Friday 24 November 2017

Dunne's new D4 plan gets all-clear from city council

'Baron of Ballsbridge' wins first round in fight to redevelop iconic sites

Ronald Quinlan

Ronald Quinlan

SEAN Dunne's plans to redevelop the Jurys and Berkeley court site in Ballsbridge have been given the green light by Dublin City Council.

Approval for the Carlow-born developer's revised proposal for the site, for which he famously paid €380m in 2005, was given by Dublin city planners last Thursday with just one condition attached to the planning permission.

According to this, Mr Dunne's Mountbrook Homes will be required to change the use of one ground floor apartment for retail use or a restaurant.

Elsewhere in the proposed redevelopment of the six-acre site -- the man who famously earned the title of 'Baron of Ballsbridge' for his stated determination to bring a piece of Knightsbridge to Dublin -- has been given the go-ahead to build a 15-storey tower as well as a new 135-bedroom hotel, apartments, shops and a range of public services.

While the granting of planning permission for the €300m redevelopment from Dublin City Council will almost certainly be appealed by opponents of Dunne's ambitious plan, the Mountbrook Homes chief will take heart from An Bord Pleanala's approval earlier last week for his plans for nearby Hume House, which he purchased in a €130m land swap deal with Irish Life and Permanent in 2005.

The planning appeals board gave the go-ahead last Wednesday for Mountbrook Homes to demolish the existing 1960s office block and construct a nine-storey building in its place.

All in all, it's been a very good week for Sean Dunne. Yesterday, he and his wife, Gayle, were at home in Dublin to celebrate the christening of their third son, Ryan, who was born last May. Unsurprisingly, the proud father was unavailable for comment on the granting of planning permission he had just received from Dublin City Council.

While it is understood that he is happy with the decision, sources close to the Mountbrook chief maintained that he wasn't about to prejudge the outcome of the almost-inevitable appeal that will be lodged by opponents of the D4 scheme.

Dunne's plans for both Hume House and the Jurys and Berkeley Court hotel sites have been the subject of strenuous opposition from local residents from day one, with a number of powerful individuals including the billionaire businessman Dermot Desmond throwing their considerable weight behind the campaign of resistance.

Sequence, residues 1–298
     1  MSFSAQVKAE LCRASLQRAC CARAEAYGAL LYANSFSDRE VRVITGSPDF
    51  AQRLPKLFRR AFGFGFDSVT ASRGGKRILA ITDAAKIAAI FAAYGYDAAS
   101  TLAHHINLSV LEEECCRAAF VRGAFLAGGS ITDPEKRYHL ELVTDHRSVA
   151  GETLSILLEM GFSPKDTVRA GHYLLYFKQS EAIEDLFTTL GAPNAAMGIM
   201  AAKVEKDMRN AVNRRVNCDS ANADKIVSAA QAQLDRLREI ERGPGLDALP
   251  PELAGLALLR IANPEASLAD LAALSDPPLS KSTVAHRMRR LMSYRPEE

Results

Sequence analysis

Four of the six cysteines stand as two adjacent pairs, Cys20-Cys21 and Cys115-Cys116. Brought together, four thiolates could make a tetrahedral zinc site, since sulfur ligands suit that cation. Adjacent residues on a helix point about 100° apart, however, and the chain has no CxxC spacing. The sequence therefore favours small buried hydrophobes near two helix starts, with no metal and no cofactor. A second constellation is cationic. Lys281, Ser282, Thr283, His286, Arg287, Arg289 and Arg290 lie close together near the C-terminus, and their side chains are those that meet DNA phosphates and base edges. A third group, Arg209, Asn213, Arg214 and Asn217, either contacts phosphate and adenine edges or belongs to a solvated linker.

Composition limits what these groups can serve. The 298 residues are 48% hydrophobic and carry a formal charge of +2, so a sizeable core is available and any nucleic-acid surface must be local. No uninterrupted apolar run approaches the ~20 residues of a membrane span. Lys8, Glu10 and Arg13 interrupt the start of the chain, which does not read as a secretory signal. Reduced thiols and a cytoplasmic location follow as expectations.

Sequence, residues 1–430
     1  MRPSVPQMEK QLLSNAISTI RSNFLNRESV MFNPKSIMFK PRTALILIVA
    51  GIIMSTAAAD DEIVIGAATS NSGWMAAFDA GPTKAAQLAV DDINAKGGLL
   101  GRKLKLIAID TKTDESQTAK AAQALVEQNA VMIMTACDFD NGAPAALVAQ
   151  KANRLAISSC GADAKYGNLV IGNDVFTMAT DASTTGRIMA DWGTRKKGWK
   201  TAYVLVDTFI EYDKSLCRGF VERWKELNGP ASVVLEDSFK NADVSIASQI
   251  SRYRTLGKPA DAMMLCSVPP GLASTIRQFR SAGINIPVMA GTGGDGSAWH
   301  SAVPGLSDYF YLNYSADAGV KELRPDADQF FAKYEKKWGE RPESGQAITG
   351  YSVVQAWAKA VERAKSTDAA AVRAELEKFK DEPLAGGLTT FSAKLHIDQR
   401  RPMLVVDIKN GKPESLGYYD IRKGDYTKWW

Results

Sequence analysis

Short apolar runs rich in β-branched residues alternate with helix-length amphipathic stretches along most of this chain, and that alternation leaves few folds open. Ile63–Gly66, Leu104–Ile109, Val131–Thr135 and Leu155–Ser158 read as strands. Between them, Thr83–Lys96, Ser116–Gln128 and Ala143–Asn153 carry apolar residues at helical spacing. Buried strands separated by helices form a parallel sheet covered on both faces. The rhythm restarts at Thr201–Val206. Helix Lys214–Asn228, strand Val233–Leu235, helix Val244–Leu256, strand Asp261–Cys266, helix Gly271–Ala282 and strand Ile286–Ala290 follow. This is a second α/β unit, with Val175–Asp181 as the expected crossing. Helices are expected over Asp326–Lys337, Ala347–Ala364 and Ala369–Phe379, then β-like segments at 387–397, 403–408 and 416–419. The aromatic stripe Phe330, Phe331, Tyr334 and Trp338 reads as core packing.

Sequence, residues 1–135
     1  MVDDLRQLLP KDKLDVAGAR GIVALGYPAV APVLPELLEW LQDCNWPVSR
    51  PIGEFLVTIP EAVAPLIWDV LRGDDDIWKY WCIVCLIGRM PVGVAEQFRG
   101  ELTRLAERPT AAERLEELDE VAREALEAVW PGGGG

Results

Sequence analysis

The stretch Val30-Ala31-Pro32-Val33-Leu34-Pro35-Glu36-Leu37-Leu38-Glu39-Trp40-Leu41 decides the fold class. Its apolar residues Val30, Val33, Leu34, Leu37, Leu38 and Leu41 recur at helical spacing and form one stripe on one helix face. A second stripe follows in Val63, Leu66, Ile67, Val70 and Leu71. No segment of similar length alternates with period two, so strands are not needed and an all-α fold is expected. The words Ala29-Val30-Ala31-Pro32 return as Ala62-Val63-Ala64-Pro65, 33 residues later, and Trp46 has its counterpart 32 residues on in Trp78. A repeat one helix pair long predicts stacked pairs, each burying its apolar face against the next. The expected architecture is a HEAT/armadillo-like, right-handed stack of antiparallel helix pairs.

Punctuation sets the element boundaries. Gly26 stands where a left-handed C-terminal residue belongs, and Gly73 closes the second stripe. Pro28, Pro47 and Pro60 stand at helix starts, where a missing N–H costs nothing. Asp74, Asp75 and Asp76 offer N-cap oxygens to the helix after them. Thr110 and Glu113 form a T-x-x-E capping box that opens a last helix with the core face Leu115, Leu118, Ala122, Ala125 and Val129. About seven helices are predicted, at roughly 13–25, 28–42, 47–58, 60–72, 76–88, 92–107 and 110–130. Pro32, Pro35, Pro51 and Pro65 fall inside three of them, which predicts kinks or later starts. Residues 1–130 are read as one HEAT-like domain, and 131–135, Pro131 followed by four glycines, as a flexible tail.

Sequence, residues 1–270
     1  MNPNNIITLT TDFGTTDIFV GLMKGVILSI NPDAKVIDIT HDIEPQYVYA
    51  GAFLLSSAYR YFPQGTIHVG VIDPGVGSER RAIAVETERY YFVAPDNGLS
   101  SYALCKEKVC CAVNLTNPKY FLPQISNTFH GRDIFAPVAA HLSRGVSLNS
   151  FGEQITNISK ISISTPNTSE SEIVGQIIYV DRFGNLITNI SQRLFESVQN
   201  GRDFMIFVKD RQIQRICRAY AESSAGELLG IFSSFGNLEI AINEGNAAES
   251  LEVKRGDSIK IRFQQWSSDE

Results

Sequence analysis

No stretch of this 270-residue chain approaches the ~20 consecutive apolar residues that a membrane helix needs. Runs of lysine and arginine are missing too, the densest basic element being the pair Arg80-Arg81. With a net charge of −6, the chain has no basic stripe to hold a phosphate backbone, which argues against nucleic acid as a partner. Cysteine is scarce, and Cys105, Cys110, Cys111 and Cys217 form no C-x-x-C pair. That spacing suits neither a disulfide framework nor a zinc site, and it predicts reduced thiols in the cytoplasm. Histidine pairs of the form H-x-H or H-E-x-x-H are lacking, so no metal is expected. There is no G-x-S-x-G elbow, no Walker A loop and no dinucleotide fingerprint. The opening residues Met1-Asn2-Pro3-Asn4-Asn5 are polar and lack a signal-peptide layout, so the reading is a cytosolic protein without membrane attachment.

Indeed, in his written observations on Dunne's original plans for the Jurys site to An Bord Pleanala, Mr Desmond variously referred to the proposed structures as being "fundamentally flawed" and "clearly unacceptable".

At a public hearing called by An Bord Pleanala to consider Dunne's original application for the site, senior counsel Colm MacEochaidh, who represented no less than 11 local residents' associations, described the buildings proposed for Ballsbridge as "oppressive and monolithic in design".

"The people who live in Ballsbridge have no wish to live in Knightsbridge," Mr MacEochaidh charged.

But there have been other high-profile supporters for Sean Dunne along the way, who are keen to see the old Jurys and the Berkeley Court hotels -- which are now trading under the D4 Hotels banner -- razed to the ground and replaced with something more in keeping with the 21st Century.

Included in their number is the legendary multimillionaire founder of Penneys, Arthur Ryan. In a rare media outing, Mr Ryan told the Sunday Independent last year of Penneys' intention to develop a 60,000 square foot store on the Jurys Berkeley Court site had the original plan been given the go-ahead.

It is understood that Mr Ryan -- who has since assumed the role of Penneys chairman -- may still be interested in the retailer gaining a foothold in Dunne's revised development.

Sunday Independent

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